air_temperature_qual: "SUBSTR(raw_data,93,1)"

Next you define the data flow, which usually starts with a read mapping and then continues with transformations. In this example we will simply extract some metrics at fixed locations in the weather data. A broad range of mappings is provided by Flowman.

  • Simple transformations are used for filtering, projections and record-wise transformations including the full power of all supported Spark SQL functions.
  • Grouped aggregations and joins provide  commonly functionality used for building data marts for reporting purposes.
  • Complex message transformations simplify handling of nested data types like commonly found in JSON and Avro.
  • Even SQL queries can be used for specifying arbitrary complex transformations.
  • Custom mappings can be implemented as plugins.

Step 3: Execution Targets

  # Define a built target called "measurements"
    # It should build a relation
    kind: relation
    # The data is provided by the mapping
    mapping: measurements-extracted
    # ...and the result is written into a relation
    relation: measurements
    # Overwrite a specific partition
      year: $year

Now that relations and mappings are described, we now create execution targets which plug together the output of one mapping to a target relation.

  • Typically each target refers to a target relation and and input mapping. Flowman will materialize all records from the mapping and write them to the relation.
  • Additional execution target types also provide file copy and SFTP operations.
  • Flowman will only build any execution target when the physical destination is outdated or if the execution is forced via a command-line flag.
  • Custom targets types can be implemented as plugins.

Step 4: Jobs

    # Define optional job parameters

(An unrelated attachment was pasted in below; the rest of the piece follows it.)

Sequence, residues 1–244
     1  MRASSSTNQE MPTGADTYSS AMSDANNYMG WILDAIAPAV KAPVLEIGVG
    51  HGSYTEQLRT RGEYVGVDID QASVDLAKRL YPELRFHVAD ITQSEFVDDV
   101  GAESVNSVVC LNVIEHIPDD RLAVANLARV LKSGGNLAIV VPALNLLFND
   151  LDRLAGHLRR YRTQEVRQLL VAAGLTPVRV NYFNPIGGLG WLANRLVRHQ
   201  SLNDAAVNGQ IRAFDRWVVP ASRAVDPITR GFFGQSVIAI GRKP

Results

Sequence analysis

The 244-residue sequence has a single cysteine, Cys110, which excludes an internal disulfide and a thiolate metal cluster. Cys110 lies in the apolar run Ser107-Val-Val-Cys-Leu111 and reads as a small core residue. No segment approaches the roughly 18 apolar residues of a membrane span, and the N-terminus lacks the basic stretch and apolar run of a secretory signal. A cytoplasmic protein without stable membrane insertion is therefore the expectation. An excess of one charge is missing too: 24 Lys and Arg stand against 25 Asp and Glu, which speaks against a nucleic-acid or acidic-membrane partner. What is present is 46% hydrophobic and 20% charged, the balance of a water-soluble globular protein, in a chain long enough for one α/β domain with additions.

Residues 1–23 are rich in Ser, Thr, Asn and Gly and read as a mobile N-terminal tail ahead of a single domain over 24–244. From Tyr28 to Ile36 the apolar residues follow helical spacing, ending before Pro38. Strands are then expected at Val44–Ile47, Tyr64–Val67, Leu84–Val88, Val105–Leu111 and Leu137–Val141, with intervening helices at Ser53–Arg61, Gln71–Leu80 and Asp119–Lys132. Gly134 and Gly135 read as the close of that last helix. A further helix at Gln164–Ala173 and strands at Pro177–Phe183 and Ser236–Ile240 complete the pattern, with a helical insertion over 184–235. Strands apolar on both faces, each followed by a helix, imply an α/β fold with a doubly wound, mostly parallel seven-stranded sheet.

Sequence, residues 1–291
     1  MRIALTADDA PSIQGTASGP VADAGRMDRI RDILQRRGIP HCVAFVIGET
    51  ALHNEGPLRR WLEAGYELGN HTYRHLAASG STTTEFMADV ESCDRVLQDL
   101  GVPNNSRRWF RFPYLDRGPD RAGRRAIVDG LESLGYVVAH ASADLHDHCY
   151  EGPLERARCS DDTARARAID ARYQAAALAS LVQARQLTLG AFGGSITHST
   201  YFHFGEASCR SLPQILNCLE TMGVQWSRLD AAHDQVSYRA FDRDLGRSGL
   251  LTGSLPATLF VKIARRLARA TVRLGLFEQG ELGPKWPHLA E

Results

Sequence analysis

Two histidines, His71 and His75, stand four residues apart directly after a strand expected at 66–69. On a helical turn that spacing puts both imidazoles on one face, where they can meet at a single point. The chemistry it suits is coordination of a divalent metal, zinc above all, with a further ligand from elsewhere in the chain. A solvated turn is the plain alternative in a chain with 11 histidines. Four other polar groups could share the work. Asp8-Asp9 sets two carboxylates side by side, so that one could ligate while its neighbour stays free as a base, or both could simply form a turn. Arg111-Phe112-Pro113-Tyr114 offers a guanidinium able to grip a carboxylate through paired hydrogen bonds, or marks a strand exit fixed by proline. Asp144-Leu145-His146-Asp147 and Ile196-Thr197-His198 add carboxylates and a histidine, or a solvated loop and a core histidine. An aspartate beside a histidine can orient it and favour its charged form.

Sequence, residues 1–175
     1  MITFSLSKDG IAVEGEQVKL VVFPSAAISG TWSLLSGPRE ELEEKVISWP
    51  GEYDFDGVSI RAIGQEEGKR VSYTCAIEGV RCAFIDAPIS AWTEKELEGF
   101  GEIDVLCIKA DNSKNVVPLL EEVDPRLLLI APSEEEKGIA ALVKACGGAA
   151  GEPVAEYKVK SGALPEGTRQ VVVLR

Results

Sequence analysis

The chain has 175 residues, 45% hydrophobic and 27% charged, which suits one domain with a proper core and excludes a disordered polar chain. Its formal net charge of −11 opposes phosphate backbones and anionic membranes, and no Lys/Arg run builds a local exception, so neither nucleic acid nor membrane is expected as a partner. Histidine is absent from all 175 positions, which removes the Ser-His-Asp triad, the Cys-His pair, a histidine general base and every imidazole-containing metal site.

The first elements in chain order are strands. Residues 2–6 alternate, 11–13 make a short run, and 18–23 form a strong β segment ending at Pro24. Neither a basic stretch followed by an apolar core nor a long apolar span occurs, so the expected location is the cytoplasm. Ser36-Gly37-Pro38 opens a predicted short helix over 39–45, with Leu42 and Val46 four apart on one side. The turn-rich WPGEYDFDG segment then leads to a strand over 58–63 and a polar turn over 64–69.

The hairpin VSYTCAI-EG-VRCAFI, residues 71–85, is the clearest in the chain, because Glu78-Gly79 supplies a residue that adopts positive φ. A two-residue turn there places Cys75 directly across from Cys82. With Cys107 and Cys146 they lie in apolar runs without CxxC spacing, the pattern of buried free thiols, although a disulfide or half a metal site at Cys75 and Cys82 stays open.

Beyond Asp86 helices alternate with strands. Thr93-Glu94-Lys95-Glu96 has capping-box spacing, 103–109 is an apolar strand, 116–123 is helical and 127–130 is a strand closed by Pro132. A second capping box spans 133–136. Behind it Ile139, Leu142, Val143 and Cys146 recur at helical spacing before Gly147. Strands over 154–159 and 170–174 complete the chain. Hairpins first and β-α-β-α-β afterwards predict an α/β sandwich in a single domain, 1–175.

- name: year
        type: Integer
        default: 2013
    # Provide a list of targets in this job        
      - measurements

Finally we create a build job, which can possibly consist of multiple build targets, which Flowman will execute in the correct order, i.e. it will resolve any data dependencies between build targets within a single build job.

Each job can also be parametrized, in this example we use a parameter `year` for specifying which data partition to process.

  • Jobs help to bundle related build targets to be executed within a single Flowman invocation.
  • Automatic ordering of build targets ensure that all upstream dependencies will be executed before a target is run.
  • Optionally Flowman can store information on individual job runs in a history database to improve observability.

Step 5: Execute

Console with Flowman Shell

Once all declarations are in place, the project can be executed. While the most important component of Flowman is the command line tool for normal batch execution, Flowman also provides an interactive shell for developers where they can also inspect the project, analyze intermediate results and much more.